Lots of nationalism was involved, at both sides.
    It’s only a few years ago that this guy

    won Dutch elections by appealing to the supremacy of “boreal culture”.

  9. jrkrideau says

    @ 3 cartomancer
    As an aside I recently learned that the Russian language has two words for Russian: Ethnic Russians (русский “russkiy”) and citizens of the state (российский “rossiyskiy”).

  10. sonofrojblake says

    “Un-American” has pretty specific connotations, to me, a foreigner. Specifically, “un-American” things include:
    1. tolerance of politics of the centre or left
    2. concern for the welfare of the weak or disadvantaged, especially Palestinians, but also anyone who’s poor, ill or lacking physical fitness or intellectual skills
    3. a dislike of violence in life or entertainment
    4. any religious affiliation other than Christian, including and arguably especially atheism
    5. any sexual or gender expression other than cis-het
    6. sports other than the ones America usually wins at, if necessary by being the only ones playing
    7. peace.

    These are things I consider “un-American”, based on the evidence provided by America. Anyone got any more?

  11. sonofrojblake says

    (an addendum to (1) -- the most left-wing politicians in the USA would count as far-right in most civilised countries. That’s not to say those countries don’t have far-right politicians, it’s just that in most countries they’re a distressingly prominent lunatic fringe, not the party of government AND opposition)

  12. says

    The word seems to have been used for a very long time. I found a use of “unamerican” in the Fourth of July address of John T. Tarbell in 1939:

    “Who is so blind as not to see a most wonderful analogy, both in doctrine and precept, between these modern whigs and the ancient Federalists. The Federal party then as now had been furious and bitter, factious and unpatriotic, illiberal and unamerican; exulting and rejoicing in the hour of national distress and disaster, hoping thereby to overthrow the government; uniformly inclining their sympathies with the country’s enemies, . . .”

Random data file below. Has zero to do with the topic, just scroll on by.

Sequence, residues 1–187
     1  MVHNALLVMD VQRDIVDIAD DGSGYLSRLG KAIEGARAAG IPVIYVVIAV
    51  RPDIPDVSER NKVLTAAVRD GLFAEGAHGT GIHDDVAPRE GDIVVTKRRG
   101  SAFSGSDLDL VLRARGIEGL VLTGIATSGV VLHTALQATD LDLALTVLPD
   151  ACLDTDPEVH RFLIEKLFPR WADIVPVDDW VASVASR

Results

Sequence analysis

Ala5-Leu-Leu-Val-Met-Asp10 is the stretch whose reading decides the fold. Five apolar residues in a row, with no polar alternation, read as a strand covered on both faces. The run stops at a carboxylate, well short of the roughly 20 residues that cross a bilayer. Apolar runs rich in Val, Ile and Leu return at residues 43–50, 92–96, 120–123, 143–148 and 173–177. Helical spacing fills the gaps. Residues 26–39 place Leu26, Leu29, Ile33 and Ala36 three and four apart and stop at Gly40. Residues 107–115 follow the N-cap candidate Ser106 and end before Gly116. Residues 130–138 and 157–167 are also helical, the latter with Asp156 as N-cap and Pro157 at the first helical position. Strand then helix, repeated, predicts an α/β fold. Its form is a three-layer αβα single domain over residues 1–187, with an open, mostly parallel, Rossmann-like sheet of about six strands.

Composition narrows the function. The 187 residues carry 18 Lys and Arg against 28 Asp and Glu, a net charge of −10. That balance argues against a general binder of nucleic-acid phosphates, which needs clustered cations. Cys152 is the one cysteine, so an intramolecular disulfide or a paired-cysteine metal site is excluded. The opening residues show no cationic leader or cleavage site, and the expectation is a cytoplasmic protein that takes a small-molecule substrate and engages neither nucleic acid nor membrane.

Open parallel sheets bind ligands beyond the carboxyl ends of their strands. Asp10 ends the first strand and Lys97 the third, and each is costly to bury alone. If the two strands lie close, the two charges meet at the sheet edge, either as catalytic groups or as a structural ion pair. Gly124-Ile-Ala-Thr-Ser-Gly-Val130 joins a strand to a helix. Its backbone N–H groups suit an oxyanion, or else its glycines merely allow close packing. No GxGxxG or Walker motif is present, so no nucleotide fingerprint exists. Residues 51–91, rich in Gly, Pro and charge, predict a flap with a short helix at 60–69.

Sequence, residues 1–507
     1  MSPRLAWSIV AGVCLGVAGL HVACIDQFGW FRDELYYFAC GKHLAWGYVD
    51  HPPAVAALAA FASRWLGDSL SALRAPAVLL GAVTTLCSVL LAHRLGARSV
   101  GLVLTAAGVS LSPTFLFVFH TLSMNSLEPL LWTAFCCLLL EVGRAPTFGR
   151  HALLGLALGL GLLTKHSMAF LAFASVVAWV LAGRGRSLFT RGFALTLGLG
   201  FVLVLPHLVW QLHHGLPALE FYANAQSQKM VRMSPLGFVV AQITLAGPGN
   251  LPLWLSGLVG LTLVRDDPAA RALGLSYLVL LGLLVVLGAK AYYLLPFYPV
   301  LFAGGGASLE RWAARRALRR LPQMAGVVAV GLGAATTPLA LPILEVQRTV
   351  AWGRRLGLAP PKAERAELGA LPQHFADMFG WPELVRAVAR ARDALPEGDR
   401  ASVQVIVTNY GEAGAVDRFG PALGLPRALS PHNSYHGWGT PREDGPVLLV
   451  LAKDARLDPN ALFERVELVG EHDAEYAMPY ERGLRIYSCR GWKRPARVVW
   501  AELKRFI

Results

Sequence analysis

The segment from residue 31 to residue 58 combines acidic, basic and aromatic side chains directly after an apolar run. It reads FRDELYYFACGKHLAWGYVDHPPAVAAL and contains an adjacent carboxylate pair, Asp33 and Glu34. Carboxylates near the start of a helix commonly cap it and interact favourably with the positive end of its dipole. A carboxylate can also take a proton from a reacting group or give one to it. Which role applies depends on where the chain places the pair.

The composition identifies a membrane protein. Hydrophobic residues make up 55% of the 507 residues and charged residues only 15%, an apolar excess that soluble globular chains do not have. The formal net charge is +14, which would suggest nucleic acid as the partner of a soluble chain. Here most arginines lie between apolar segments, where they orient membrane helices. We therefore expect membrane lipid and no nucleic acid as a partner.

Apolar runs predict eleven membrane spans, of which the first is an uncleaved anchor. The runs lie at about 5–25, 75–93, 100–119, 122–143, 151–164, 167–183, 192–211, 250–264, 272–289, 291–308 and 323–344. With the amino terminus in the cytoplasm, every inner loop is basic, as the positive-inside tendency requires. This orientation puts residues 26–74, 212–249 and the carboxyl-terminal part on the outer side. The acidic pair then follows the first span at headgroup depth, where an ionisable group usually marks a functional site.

13. fentex says

    I think it’s an easy to use short hand because of the ease of saying ‘Un’ and ‘A-‘ and the idea exists probably everywhere but different names don’t lend themselves to such appealing shorthand.

  14. springa73 says

    sonofrojblake @10

    Those are “un-American” only if you accept the farthest right’s definition of what it means to be American, which is a big mistake.

    To me, “un-American” is just a political rhetorical device in which one tries to paint one’s opponents as holding beliefs inconsistent with core national values. It doesn’t really have much meaning, in my opinion, because there are so many different ideas about what “American values” actually are.

    I’ve also heard the term used ironically and jokingly.

  15. John Morales says

    It’s fractal, ain’t it?

    I mean, America is a continent — composed of North and South America.

    And, in North America, there’s a nation-state called the USA — the which arrogates the demonym of ‘American’.

  16. prl says

    John Morales:

    Nah, it’s used here in Oz, has been for ages.

    In my observation, in Australia it can be usually translated as “I don’t like whatever it is, but I can’t be bothered to justify why.” “Politically correct” can usually be translated in much the same way.

  17. sonofrojblake says

    “Those are “un-American” only if you accept the farthest right’s definition of what it means to be American, which is a big mistake”

    Only those on the farthest right have any use for the term, so they get to define it.